I live in a camper van with a couple of West Highland Terriers for company.
My passion is photography but it is a work in progress.
I am always willing to share what knowledge I have and can be contacted through the comments on this post or e-mail ADRIAN

Wednesday, 4 August 2010



Another panorama from yesterday. The views across Bowes Moor are almost infinite.

OLYMPUS DIGITAL CAMERA         These tiny flowers look as if they belong to a moss, as far as I'm aware mosses don’t flower. Infinitely small in comparison to the moor they live on.

We are back at Barnard Castle. This morning was not conducive to photography so I cut my losses and headed back down into the Tees valley.

Yesterday GB at EAGLETON NOTES commented on my writing style, very flattering it was too. He writes well, so I could have misunderstood but it set me thinking about the use of split infinitives. Are they good, bad or tolerable. For those that don’t know…..I had to do serious research on how to spell infinitive before I could even look up it’s definition…. A split infinitive is putting an adverb between to and the verb. ‘To boldly go where no man has gone before.’ Is a well known example and perfectly acceptable to me. ‘To go boldly where no man has gone before.’ Though correct, I find pedantic.

I have been reading a few of my posts (now there’s a surprise) and notice an alarming tendency to split sentences into clauses with a line of full stops. I have no idea what this grammatical error is called but have little doubt it’s heinous. If you find it annoying or enough of you do then I’ll put an immediate stop to it………….If I remember in time!

There is an issue of incorrect grammar that I don’t like and it is the increasing habit of starting sentences with the conjunctions and or but.

Enough of this balderdash, more than enough. I’ll leave you with a quotation from George Bernard Shaw written after an editor tampered with his infinitives…….Please excuse the innuendo.

“ I don’t care if he is made to go quickly, or to quickly go – but go he must!”

The weather looks to be brightening so will have a walk into town and try for some more pictures.

All the best.


  1. That little flower looks like eyebright - very attractive when you look at them close-up. Great wide-open spaces - haven't been to Tan Hill for years. Have you been over to Wensleydale to have a look at Hardraw Force waterfall? You have to go through the Green Dragon pub to get to it. My kind of waterfall.

  2. Thanks for that Phil. one could easily miss it. Makes me wonder what the smallest flower is. We need some rain for waterfalls to be good but apart from a quick trip to Devon I will be around this area for a while so will keep adding your kind suggestions to the list. Thanks again.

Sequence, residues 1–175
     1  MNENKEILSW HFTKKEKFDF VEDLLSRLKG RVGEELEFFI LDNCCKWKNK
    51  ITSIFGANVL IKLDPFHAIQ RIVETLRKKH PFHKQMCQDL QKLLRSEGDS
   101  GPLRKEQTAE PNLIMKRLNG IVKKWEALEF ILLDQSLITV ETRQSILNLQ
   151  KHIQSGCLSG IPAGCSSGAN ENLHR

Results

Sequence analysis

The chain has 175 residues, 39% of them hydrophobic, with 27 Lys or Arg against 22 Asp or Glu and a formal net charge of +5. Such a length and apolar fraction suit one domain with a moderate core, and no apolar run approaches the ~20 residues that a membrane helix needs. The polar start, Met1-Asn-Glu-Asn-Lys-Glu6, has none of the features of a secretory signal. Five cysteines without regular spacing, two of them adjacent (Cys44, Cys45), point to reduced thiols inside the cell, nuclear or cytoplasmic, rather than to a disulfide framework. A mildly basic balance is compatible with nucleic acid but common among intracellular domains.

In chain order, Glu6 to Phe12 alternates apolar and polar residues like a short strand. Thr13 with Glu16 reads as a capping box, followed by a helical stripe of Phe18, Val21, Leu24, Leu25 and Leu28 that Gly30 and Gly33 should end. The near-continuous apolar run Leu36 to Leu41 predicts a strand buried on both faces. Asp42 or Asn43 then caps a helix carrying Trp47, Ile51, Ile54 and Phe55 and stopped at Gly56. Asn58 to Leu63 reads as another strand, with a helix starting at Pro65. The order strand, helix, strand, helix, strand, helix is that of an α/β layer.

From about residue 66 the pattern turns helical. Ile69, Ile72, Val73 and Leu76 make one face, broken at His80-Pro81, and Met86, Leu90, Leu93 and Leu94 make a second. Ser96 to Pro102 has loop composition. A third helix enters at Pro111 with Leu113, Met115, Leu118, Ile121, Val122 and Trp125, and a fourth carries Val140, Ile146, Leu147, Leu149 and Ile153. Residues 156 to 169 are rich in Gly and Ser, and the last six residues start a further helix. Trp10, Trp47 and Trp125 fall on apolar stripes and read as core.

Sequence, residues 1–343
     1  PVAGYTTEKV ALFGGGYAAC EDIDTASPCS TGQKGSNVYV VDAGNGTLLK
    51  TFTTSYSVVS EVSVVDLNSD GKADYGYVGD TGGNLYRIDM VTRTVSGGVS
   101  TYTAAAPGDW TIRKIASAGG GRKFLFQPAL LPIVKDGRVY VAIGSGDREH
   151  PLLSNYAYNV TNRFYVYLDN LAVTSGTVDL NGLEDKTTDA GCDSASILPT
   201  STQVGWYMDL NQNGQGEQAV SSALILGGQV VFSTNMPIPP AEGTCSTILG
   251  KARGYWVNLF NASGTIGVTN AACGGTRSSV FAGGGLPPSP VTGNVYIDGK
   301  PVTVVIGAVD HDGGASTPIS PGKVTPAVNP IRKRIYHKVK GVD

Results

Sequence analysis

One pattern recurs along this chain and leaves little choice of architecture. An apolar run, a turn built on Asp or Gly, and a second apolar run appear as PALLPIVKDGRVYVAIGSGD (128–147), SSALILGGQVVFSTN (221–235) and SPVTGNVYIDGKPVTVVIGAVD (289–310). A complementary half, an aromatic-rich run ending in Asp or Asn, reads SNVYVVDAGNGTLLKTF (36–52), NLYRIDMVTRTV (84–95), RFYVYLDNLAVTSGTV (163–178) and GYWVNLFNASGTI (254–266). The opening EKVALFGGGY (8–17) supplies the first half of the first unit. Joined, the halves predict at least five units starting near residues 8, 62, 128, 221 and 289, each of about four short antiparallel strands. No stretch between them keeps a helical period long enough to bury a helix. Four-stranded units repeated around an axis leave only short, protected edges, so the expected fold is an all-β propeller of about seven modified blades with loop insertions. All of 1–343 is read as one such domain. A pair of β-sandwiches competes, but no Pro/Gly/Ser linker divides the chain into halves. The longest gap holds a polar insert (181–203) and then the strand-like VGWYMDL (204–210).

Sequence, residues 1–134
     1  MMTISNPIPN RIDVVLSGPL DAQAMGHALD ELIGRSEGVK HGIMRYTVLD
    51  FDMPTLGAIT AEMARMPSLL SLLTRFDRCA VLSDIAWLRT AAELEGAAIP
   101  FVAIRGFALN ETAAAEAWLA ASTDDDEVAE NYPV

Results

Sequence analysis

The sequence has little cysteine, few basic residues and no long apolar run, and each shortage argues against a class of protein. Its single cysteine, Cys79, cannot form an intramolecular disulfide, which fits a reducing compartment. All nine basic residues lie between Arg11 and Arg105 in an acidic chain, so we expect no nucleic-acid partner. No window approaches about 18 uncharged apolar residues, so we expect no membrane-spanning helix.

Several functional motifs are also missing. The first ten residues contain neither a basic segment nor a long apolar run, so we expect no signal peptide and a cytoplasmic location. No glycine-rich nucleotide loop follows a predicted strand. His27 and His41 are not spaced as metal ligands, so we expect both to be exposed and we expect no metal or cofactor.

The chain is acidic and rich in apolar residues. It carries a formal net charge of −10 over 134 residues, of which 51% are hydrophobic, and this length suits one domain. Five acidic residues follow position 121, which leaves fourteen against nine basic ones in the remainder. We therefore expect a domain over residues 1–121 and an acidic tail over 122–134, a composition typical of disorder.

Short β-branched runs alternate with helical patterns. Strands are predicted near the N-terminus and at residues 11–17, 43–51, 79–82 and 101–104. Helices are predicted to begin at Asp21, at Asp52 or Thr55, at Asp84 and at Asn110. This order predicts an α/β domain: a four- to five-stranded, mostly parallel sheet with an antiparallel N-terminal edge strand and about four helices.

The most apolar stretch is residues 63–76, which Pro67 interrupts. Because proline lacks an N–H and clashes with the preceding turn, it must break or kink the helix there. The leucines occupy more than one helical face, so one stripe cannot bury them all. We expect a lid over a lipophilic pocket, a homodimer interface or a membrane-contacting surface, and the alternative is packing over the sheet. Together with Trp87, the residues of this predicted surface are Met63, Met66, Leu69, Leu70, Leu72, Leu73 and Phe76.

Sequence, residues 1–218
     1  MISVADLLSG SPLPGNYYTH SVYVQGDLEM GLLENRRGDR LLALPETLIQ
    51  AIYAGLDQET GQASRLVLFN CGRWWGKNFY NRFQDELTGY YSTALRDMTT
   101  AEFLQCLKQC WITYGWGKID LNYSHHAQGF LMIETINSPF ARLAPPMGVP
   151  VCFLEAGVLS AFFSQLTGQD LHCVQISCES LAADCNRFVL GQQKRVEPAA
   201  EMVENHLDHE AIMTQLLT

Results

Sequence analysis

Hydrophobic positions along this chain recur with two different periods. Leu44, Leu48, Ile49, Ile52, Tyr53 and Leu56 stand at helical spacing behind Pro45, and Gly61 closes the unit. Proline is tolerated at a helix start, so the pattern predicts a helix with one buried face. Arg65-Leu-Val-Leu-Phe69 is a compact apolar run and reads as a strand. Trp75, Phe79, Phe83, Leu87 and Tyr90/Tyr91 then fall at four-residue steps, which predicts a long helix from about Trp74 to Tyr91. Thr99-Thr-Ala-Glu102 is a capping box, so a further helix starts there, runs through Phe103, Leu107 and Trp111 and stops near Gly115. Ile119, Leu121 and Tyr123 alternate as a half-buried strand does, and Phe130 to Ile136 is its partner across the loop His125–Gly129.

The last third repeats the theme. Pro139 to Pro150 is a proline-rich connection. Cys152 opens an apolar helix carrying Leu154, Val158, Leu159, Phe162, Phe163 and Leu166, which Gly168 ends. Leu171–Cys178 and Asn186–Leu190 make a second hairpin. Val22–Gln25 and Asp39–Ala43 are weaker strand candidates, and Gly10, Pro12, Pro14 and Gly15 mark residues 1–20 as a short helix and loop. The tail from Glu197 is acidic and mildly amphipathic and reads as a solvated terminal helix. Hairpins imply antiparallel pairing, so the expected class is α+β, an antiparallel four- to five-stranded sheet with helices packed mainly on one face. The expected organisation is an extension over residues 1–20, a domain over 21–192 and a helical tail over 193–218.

3. As always, it's nice to know when someone cares about writing. I like how you mix words with pictures.

  4. Brilliant. I'm sorry to say that I am rather guilty of starting sentences with a conjunction but every time I do I feel a pang. A pang that I no longer feel when ending a sentence with a preposition or even splitting an infinitive when it is appropriate. I also am a liberal user of the multiple stop. Sometimes the stops end with a full stop. And sometimes they don't. Oops....

  5. Jolynne, It's a bad habit but the pictures come first then the story, which can vary in veracity, writes itself.

    GB, There is a time and place for everything. Blogs are generally a form of diary or reportage. An informal style suits them Know what I'm on about.

  6. I enjoyed that piece of "balderdash". Now there's a word only a Brit can use with any conviction. It's the ending a sentence with a preposition that spoils the fun of writing for me. I have turned poor Sister Francis (who once did her best to teach me grammar) over in her grave so many times she may well have spun out of heaven by now.

  7. Pauline, we are all guilty. That's what editors are for. Even they are fallible. My all time favourite headline came from The Daily Telegraph and headed an article on the famous polar explorer.
    "Vivian Fuchs off to Antartic."
    Balderdash is hardly in common usage here. It just has a whimsical tone I like.

  8. English Language was a subject at school that I really loved. And I'm guilty as hell of abusing it.........but I really don't care.
    I know it is a forgiving mistress; unlike some I've known ;)

  9. You are quite right Keith. Unlike a dead language like Latin it is an exciting and evolving thing. long may it remain so.